The raw foods diet has its roots in a vegetarian movement dating back to the 1800s. As the name implies, a raw foods diet is a dietary pattern composed of mostly or completely raw, unprocessed foods. This new 3-page publication of the UF/IFAS Food Science and Human Nutrition Department explores the potential health benefits and risks of a raw foods diet. Written by Alexa Barad, Daniela Rivero-Mendoza, and Wendy Dahl.
Cyclosporiasis is an intestinal illness caused by the microscopic parasite Cyclospora cayetanensis. People can become infected with Cyclospora by consuming food or water contaminated with the parasite. People living or traveling in countries where cyclosporiasis is endemic may be at increased risk for infection. This 6-page publication is part of the Preventing Foodborne Illness series and describes symptoms and strategies for cyclosporiasis prevention for farmers, restaurants and retailers, and consumers. This major revision was written by Christopher R. Pabst, Jaysankar De, Renée Goodrich-Schneider, and Keith R. Schneider and published by the UF/IFAS Food Science and Human Nutrition Department.
Vibrio vulnificus occurs naturally in warm brackish and saltwater environments. During the warmer months, this bacterium can reach particularly high concentrations in filter-feeding shellfish that inhabit coastal waters. Foodborne illness from V. vulnificus is almost exclusively associated with consumption of raw oysters. This 3-page fact sheet is a major revision that discusses risk of infection, times to seek medical treatment, symptoms, activities related to illness, foods commonly associated with the bacterium, handling and storage of seafood and shellfish, and methods of prevention. Written by Anita C. Wright, Renée M. Goodrich, Michael A. Hubbard, and Keith R. Schneider, and published by the UF Food Science and Human Nutrition Department. Original publication date: July 2009. Revised October 2015.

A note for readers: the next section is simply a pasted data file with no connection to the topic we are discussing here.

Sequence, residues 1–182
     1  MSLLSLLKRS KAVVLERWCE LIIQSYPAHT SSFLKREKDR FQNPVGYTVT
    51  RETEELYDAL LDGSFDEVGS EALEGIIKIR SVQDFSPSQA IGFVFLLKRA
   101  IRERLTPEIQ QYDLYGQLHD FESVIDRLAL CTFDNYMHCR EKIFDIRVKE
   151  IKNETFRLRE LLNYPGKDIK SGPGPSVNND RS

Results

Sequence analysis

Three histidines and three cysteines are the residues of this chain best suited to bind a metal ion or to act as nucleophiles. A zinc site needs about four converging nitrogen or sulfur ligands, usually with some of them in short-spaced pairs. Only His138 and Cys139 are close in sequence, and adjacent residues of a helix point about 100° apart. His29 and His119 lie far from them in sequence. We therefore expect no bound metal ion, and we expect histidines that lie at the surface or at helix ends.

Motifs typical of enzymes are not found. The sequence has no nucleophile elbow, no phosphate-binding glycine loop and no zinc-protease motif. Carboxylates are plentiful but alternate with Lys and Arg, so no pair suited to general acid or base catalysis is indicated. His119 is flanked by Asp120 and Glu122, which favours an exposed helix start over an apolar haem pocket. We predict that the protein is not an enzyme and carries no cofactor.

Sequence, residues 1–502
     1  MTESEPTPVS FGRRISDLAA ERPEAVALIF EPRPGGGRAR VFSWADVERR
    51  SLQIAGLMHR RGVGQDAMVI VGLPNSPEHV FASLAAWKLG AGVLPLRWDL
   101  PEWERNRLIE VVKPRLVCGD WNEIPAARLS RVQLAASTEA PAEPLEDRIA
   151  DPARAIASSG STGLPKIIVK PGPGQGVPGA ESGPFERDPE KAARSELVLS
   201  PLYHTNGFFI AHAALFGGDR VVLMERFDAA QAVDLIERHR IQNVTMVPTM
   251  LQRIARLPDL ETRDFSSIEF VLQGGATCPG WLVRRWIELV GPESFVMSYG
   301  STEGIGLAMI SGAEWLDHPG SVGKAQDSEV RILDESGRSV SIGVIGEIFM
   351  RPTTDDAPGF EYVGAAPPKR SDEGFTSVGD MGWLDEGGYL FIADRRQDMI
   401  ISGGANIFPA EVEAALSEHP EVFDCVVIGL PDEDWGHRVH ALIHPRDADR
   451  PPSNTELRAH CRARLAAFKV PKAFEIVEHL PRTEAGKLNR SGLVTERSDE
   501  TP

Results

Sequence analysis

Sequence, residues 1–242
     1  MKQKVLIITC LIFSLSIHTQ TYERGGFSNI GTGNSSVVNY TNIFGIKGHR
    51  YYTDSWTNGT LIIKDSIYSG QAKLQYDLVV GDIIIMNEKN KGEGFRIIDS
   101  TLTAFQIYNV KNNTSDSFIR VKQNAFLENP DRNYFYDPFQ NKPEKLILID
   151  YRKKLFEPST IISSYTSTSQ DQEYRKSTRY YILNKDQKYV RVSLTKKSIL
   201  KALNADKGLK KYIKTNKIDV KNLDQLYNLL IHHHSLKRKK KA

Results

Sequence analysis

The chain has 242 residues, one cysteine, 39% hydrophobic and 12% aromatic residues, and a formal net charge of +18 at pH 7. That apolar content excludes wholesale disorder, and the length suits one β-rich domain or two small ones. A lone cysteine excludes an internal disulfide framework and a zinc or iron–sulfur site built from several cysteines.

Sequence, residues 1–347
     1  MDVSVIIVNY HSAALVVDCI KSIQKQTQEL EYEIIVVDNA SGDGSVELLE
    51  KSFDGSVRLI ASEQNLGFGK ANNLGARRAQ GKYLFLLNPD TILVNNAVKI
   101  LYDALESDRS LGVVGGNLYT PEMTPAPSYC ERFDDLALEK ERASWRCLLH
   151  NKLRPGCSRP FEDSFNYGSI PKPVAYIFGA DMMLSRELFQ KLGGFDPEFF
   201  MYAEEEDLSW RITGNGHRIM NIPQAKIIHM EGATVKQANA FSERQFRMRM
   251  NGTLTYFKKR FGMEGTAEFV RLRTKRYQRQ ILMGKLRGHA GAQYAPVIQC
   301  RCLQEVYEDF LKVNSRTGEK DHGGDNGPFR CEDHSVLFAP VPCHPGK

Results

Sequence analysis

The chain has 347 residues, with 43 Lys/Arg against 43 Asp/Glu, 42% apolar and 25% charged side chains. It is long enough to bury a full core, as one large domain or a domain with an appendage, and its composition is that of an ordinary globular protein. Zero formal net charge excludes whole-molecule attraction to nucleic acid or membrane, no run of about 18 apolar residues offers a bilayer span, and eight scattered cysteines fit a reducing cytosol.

This new publication discusses the costs and long-term benefits associated with the implementation of food safety programs. This 5-page fact sheet covers the history of HACCP, costs associated with the application of food safety programs, reasons to improve food safety, and the financial impact of foodborne illnesses. Written by Annelys Hessing, Renée Goodrich Schneider, Alan Gutierrez, Rachael Silverberg, Michael S. Gutter, and Keith R. Schneider, and published by the UF Department of Food Science and Human Nutrition, October 2015.
Vibrio parahaemolyticus is a naturally occurring bacterium that inhabits coastal brackish marine waters throughout the world and is commonly found in the United States and Canada. If ingested in sufficient numbers, this bacterium can cause illness such as gastroenteritis with symptoms such as cramps, vomiting, and nausea. Illnesses linked with this organism are usually associated with the consumption of raw or improperly cooked seafood, particularly raw oysters. This 3-page fact sheet is a major revision that discusses Vibrio parahaemolyticus, illness caused by the bacterium, factors that increase risk of infection, methods of infection, seafood and shellfish handling recommendations, and prevention. Written by Anita C. Wright, Renée M. Goodrich, Michael A. Hubbard, and Keith R. Schneider, and published by the UF Department of Food Science and Human Nutrition. Original publication date: July 2009. Revised October 2015.
Ingesting foods contaminated with Bacillus cereus bacteria can lead to nausea, vomiting, abdominal cramps, and diarrhea. Though B. cereus is commonly found in many types of fresh and processed foods, proper cooking, handling, and storage can minimize the risk of contamination. This 5-page fact sheet explains how B. cereus is transmitted, what foods it is commonly associated with, the methods used to prevent contamination, and good practices for receiving, handling, processing, and storing food. Written by Keith R. Schneider, Renée Goodrich Schneider, and Rachael Silverberg, and published by the UF Department of Food Science and Human Nutrition, August 2015.